2a: Say “Hello World” with Blinky
Almost every introductory computer programming course starts off with “Hello World.” This is a very simple program that simply prints the words “Hello World” on the screen. In electronics, we have “Blinky.” A simple circuit that makes an LED blink.
There are tons of ways this can be achieved, but one of the easiest to teach is by using a chip called a 555 timer, a few resistors and a capacitor.
We’ll start by introducing our “Blinky on a Breadboard”.
Most circuits will start off as napkin sketches like this one:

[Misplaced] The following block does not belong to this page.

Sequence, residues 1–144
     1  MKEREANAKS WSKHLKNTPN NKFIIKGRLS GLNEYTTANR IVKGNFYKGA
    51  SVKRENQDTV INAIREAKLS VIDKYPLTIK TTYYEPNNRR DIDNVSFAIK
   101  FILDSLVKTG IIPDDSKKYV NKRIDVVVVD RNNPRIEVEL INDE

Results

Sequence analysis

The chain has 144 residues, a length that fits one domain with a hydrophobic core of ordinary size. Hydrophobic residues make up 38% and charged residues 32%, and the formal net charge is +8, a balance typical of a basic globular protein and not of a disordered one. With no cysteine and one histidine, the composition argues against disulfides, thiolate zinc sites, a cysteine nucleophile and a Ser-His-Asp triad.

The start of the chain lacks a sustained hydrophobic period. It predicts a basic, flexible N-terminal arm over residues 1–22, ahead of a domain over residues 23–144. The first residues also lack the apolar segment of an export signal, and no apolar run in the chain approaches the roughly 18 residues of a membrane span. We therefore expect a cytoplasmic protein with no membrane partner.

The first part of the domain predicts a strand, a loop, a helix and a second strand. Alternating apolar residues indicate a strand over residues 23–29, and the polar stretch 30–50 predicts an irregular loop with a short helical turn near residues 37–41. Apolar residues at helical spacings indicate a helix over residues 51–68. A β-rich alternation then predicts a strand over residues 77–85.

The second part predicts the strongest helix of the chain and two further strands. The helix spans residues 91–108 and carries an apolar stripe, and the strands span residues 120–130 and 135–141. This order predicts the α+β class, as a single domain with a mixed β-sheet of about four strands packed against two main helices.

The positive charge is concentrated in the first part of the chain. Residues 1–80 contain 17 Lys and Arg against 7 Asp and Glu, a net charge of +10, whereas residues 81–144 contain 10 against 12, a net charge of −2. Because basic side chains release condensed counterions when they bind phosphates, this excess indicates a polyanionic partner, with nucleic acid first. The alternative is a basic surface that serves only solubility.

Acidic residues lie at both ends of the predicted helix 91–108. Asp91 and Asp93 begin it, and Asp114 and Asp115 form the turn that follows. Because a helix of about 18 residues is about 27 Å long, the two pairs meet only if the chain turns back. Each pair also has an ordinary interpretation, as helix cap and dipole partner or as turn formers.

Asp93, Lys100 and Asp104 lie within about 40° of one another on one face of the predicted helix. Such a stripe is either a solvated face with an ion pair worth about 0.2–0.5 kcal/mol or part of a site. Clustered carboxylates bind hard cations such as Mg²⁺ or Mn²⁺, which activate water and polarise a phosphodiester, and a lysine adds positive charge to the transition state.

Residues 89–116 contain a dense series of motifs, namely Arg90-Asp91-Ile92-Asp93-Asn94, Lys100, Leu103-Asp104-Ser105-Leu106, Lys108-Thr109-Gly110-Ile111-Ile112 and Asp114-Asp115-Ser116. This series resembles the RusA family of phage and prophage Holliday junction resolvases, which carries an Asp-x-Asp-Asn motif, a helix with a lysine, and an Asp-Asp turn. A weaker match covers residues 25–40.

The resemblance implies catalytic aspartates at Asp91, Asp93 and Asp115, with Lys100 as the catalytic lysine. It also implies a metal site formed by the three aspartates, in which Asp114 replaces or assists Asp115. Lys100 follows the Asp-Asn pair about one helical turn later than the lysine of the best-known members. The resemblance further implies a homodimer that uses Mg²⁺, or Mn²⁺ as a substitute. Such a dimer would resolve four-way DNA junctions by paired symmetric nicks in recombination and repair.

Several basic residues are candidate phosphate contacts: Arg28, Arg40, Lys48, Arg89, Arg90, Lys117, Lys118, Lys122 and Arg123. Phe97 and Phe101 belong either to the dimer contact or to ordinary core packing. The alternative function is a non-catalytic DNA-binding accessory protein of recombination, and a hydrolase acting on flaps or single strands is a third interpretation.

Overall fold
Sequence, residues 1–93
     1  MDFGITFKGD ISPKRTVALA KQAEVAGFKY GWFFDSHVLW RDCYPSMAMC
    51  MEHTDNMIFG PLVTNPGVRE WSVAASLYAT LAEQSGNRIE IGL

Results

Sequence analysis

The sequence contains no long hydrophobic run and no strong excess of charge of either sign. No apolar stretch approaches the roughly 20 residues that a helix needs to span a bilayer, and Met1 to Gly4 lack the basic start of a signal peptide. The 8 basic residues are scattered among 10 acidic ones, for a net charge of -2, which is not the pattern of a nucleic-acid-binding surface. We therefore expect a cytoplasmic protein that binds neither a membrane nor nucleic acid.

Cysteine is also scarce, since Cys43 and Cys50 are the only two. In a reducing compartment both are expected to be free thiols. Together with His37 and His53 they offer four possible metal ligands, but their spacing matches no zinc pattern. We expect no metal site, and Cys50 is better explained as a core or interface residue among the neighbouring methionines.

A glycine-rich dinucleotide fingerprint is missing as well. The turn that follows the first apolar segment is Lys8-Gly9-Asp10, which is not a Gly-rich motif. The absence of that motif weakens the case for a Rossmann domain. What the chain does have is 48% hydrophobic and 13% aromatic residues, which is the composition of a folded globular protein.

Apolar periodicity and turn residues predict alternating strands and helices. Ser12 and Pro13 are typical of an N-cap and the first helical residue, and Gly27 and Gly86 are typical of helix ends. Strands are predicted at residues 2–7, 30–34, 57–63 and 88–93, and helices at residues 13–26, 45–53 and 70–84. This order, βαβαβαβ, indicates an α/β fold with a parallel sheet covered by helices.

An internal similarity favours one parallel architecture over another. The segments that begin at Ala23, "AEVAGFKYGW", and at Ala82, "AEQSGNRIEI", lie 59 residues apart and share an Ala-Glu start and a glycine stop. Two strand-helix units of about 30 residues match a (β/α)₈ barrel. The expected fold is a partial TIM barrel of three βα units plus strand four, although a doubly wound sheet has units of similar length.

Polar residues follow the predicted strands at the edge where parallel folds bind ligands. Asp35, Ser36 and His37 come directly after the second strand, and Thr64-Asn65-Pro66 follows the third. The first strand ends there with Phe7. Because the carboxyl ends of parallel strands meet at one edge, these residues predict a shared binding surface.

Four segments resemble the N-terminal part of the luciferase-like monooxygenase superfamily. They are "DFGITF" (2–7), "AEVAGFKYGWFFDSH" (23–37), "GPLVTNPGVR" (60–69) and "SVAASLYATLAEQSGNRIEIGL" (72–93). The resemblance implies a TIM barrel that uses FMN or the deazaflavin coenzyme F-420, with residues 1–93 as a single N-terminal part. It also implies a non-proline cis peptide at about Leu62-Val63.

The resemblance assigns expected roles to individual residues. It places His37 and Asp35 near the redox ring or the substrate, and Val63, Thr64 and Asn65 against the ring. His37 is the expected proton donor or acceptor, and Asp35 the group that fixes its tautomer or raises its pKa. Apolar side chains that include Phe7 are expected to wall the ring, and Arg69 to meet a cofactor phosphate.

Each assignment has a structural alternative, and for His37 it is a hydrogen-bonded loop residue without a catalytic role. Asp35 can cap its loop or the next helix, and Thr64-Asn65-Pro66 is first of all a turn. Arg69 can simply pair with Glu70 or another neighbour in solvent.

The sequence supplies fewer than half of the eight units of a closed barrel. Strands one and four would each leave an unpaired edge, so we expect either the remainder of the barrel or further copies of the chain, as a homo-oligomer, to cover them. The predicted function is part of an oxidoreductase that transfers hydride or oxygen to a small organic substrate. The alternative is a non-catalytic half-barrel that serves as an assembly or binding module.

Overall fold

Getting the idea down on paper as early as possible and adding to it while you pore over datasheets is an important step. It’ll give you something to go back to if something goes wrong. This circuit should blink an LED approximately 21 times per second. Kind of fast, but it keeps the capacitor small. Now let’s put the circuit together on the breadboard and make sure it works.
… And there it goes:
So now we know our napkin sketch circuit works. It’s time to capture it as a schematic in Upverter. Start a new project. Call it what you want, but I recommend something relating to a blinking LED.
Now that you have a blank schematic in front of you, let’s place the first symbol. That will be our 555 timer chip. Open the parts library from the toolbar and enter 555 into the search field.